Thursday, March 8, 2012


We've all seen her.  She is standing alone, struggling against an angry torrent.  Tears, screams, feet stomping, tiny fists flailing.  She tries in vain to soothe, to calm, to stop but she cannot.  Once the tantrum train has left the station, it is impossible to stop.

Tantrums are frustrating to deal with in the comfort of your own home.  Tantrums in public are heartbreaking.  You dread the stares  in the grocery store.  You fear the unspoken judgements of those around you.  All you want to do is to  run away, to scoop your child up and flee to the safety of your car.  No one can see you then.

But you aren't in the saftey of your car or your home, you are in the aisle of a store.  Your cart is full with needed items, milk, laundry detergent, diapers.  If you leave without buying these items, you know you'll just have to go back.  Do you stay and check out?  Do you leave and hope to return with out the kids?  There is no right answer, no easy thing to do.  You are alone facing a furious, heartbroken child.

We've all seen her. You want to do something to help, to let her know it's okay.

We've all been her. Wishing, hoping that someone, something could help, could make it okay.

I was her yesterday.  We were in a craft store across town.  I was buying things for Bunny's Daisy Scout troop.  It was too close to lunch, too close to nap time.  We'd been there about 10 minutes too long.  I knew these things.  I knew it could be a problem.  But I had to get the supplies, the meeting was the next day.  I didn't know if I could make it back.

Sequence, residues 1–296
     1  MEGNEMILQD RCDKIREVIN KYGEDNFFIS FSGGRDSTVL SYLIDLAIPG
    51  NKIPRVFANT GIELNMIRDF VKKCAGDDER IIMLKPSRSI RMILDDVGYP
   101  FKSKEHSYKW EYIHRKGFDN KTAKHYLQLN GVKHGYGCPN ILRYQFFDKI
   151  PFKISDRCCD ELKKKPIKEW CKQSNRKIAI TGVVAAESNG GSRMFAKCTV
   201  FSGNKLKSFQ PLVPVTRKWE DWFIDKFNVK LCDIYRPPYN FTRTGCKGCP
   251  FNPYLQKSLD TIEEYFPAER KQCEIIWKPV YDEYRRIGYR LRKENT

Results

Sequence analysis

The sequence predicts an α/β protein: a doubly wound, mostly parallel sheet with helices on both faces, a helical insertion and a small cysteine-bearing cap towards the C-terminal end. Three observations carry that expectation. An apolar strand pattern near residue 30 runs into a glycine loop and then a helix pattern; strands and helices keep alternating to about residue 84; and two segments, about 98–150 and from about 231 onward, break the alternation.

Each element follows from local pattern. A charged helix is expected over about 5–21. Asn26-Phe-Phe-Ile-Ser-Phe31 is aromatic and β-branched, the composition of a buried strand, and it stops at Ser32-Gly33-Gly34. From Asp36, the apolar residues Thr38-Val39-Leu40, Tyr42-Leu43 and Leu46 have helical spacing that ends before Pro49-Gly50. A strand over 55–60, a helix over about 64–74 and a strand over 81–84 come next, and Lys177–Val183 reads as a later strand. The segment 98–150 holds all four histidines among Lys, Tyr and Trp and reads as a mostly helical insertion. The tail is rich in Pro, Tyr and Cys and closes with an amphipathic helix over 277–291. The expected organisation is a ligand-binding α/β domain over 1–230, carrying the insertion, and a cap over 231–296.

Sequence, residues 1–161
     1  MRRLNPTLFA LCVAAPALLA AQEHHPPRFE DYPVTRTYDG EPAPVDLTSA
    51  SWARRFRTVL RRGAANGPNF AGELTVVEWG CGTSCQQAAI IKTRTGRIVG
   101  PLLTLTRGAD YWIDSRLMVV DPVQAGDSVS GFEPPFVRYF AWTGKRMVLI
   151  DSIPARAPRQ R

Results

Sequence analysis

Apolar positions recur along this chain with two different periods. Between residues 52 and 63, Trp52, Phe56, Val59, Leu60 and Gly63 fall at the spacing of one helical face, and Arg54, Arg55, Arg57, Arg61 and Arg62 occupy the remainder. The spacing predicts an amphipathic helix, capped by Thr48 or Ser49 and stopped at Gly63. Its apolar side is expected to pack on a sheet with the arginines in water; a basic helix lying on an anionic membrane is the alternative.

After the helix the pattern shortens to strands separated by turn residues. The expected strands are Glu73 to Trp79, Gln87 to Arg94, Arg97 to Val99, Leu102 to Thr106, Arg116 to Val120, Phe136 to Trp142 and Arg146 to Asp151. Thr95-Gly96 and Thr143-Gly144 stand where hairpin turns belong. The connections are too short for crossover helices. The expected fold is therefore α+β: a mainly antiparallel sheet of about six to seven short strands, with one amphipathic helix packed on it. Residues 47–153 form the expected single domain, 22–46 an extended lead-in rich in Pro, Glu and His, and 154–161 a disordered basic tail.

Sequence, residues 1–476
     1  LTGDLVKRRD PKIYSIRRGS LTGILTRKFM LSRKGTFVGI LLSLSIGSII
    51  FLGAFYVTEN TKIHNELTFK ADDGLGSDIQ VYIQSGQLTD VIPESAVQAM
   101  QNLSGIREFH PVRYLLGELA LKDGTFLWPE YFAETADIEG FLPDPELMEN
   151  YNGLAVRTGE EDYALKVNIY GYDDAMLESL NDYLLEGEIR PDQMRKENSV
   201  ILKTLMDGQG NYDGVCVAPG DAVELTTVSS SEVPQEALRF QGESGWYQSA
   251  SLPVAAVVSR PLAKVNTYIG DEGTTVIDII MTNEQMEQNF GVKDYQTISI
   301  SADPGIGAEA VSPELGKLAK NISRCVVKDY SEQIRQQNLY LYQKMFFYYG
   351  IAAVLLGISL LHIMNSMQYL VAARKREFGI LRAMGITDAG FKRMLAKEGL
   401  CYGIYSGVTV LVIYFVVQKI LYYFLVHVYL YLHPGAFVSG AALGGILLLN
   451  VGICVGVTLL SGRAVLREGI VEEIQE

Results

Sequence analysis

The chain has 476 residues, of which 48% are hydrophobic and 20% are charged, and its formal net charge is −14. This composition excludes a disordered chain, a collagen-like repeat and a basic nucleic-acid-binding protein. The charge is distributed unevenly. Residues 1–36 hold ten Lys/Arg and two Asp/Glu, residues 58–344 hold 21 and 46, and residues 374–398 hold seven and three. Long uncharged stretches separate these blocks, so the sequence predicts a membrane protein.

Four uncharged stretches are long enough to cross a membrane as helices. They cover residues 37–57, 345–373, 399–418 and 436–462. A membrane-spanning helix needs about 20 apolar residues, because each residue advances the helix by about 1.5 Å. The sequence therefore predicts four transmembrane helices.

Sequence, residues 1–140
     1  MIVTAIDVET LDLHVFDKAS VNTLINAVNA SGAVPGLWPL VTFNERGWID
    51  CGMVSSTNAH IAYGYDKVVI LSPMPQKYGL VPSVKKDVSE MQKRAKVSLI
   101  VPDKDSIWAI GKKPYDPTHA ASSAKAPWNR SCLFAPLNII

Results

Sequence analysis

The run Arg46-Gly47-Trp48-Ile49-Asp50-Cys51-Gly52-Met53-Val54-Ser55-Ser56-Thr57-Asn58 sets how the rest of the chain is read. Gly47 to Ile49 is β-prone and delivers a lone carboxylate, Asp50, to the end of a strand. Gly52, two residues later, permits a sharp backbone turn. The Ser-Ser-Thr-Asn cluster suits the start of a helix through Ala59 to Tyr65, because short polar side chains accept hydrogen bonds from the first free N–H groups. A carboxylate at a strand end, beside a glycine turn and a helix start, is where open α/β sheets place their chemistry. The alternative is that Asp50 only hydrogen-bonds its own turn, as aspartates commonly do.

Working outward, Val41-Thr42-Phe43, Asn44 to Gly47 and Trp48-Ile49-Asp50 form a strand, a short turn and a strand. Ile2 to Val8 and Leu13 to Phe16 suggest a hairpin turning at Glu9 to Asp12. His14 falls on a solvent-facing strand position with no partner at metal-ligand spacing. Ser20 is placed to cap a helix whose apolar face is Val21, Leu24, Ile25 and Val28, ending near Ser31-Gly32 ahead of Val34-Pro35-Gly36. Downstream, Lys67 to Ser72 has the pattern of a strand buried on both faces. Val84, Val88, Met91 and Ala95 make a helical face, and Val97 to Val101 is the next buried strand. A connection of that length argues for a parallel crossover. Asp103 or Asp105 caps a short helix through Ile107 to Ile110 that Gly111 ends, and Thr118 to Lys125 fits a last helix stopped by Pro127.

So I pushed on and Lion pushed back.  It started in the checkout line.  We were so close to the exit, close to the car, close to freedom.  But it was too much and he lost it.  I tried to hold him, to soothe him.  I was rewarded with kicks and a tiny bit of hair pulled from my scalp.  Putting him down resulted in a bolt for the door or tossing some impulse item on the floor.

I was lost.  I was broken.  I did not know what to do. 

And that's when it happened, the kindness of strangers helping me, soothing me.  A mother with an infant let me skip her in line. She knew it would be her time soon.  She could be me, she would be me.  The cashier who followed me out of the store with my gloves and Lion's book.  I had forgotten them in my haste to exit the store.

Their kind gestures helped so much.  For just a brief minute, I did not feel alone.  I did not feel judged.  And for that I am forever grateful.


Ivey League Mama said...

Sorry about the meltdown, but glad there were understanding people there. Good reminder to be that helpful person when I see others where I have been so many times (and will certainly be again)!

anymommy said...

Oh, Renee I am so glad for these kind people. It's amazing how strangers can change a terrible moment into a positive one. I hope everyone napped and ate and started anew!

Chasity Cole said...

Ah, yes. We have all been her/you. The kindness of strangers can indeed be a beautiful thing whether our days are marked with tantrums or not.

Kate Coveny Hood said...

I think that this is one of the best gifts that mothers (and fathers) bring to the world. When you have to take unreasonable behavior for granted on a daily basis, you are far more likely be sympathetic to others. We all get a crash course in assuming that there is always more to the story.

Thank goodness for the kind hearted people who don't judge. Their help is worth SO much more than uninformed opnions.

the mommy psychologist said...

I have been there soooo many times. Pre-kids, I was one of those moms who said, "my kid will never act like that." HA HA HA HA on me!

Sustenance Scout said...

Hugs from Denver, K.